France's central bank said it was following the case "with the
utmost attention" after a report in the Wall Street Journal said the
U.S. Justice Department wanted $10 billion from the bank - double
the amount which had been previously reported.
BNP declined to comment on the report.
Shares in BNP dropped as much as 6 percent on Friday to their lowest
in more than eight months, slashing almost $5 billion off the bank's
stock market value.
The decline took its loss to 18 percent since Feb. 13, when the bank
first took a 1.1 billion euro ($1.5 billion) provision for a
potential sanctions fine as part of a total litigation provision of
2.7 billion euros.
"We donít dare accumulate more (shares) at this stage,Ē said Yohan
Salleron, fund manager at Mandarine Gestion in Paris, who cut his
exposure to the bank at the start of the year.
Analysts at Citigroup noted a fine of the magnitude reported would
cut BNP Paribas' capital ratio to below 10 percent - a level seen as
key to staying out the danger zone under tighter post-financial
The latest round of European Union "stress tests" of banks'
financial health are under way with results due in October.
"This is not good news as we approach the stress tests, which BNP
cannot afford to fail. A capital increase may very well be a
solution," said Salleron.
"Potentially the bank may not pay a dividend for the next two years
... There is a very real reputation risk here. It could spook
certain counterparties into staying away from BNP," Salleron added.
The U.S. Justice Department's investigation is a criminal probe into
allegations that the French bank evaded U.S. sanctions against Iran
and other countries for years.
The newspaper report said the final settlement could be less than
$10 billion. Still, the multibillion dollar figure would put the
fine among the largest penalties imposed on a bank and is far higher
than what BNP has provisioned for.
HSBC HSBA.L was fined $1.9 billion in December 2012 for compliance
failings in Mexico, which U.S. prosecutors said allowed drug cartels
to launder money, and for enabling clients to avoid U.S. sanctions
on dealings with countries such as Iran, Libya, Sudan, Myanmar and
U.S. regulators were criticised after that fine for being too
lenient on HSBC.
[to top of second column]
Investors also fear BNP could face being excluded from activities in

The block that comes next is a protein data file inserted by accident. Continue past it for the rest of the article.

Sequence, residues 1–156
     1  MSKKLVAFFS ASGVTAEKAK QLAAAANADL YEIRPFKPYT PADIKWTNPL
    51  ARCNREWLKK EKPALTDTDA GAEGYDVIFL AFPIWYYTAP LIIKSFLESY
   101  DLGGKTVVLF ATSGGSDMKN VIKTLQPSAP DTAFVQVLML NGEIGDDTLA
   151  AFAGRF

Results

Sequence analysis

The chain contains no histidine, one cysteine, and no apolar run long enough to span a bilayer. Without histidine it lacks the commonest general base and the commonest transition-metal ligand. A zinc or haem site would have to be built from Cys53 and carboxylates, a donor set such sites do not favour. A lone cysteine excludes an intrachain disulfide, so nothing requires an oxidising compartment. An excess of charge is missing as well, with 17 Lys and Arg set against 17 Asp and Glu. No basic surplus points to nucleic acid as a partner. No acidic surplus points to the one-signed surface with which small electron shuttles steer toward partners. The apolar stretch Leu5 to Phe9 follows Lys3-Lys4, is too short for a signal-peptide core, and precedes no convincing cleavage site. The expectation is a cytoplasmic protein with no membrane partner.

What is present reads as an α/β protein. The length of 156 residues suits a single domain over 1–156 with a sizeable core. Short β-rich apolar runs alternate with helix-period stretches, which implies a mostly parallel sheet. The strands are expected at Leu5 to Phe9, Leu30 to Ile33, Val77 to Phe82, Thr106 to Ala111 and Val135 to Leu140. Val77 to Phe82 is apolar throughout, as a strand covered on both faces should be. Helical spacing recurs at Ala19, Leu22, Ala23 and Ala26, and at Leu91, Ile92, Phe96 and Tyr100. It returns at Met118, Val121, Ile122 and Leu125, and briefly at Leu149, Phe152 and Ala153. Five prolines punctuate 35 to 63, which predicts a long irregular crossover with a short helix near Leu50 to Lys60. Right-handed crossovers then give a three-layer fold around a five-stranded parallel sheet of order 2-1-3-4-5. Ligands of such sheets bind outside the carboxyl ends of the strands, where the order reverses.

the United States should it fail to accept a hefty fine and want to
see a quick settlement to avoid continuing uncertainty.
France's government has said little about the issue since early this
year when the issue first came to a head. President Francois
Hollande was sharply critical of banks and their part in the
financial crisis ahead of taking power in 2012, calling the world of
finance his "main adversary".
An official of Prime Minister Manuel Valls' office said it was being
kept informed but the issue was "a matter between a private business
and U.S. justice".
However, since Credit Suisse agreed to pay more than $2.5 billion
for helping Americans avoid taxes, French central bank chief
Christian Noyer has expressed some concerns about U.S. prosecutors'
pursuit of European banks.
A week ago Noyer, also a member the European Central Bank's
governing council, said: "Obviously we are very attentive towards
risks related to what could be a development in American
A central bank spokeswoman said on Friday in response to a query
about the latest reports: "The Bank of France has no comment to make
for now since negotiations are still in progress. The governor of
the Bank of France is following this case with the utmost
The finance ministry and the office of Hollande also declined to
The bank's stock was down 5.2 percent at 49.88 euros by 0918 GMT.
(Additional reporting by Jean-Baptiste Vey and Brian Love, with
Sudip Kar-Gupta and Steve Slater in London; Writing by Andrew
Callus; Editing by David Holmes)
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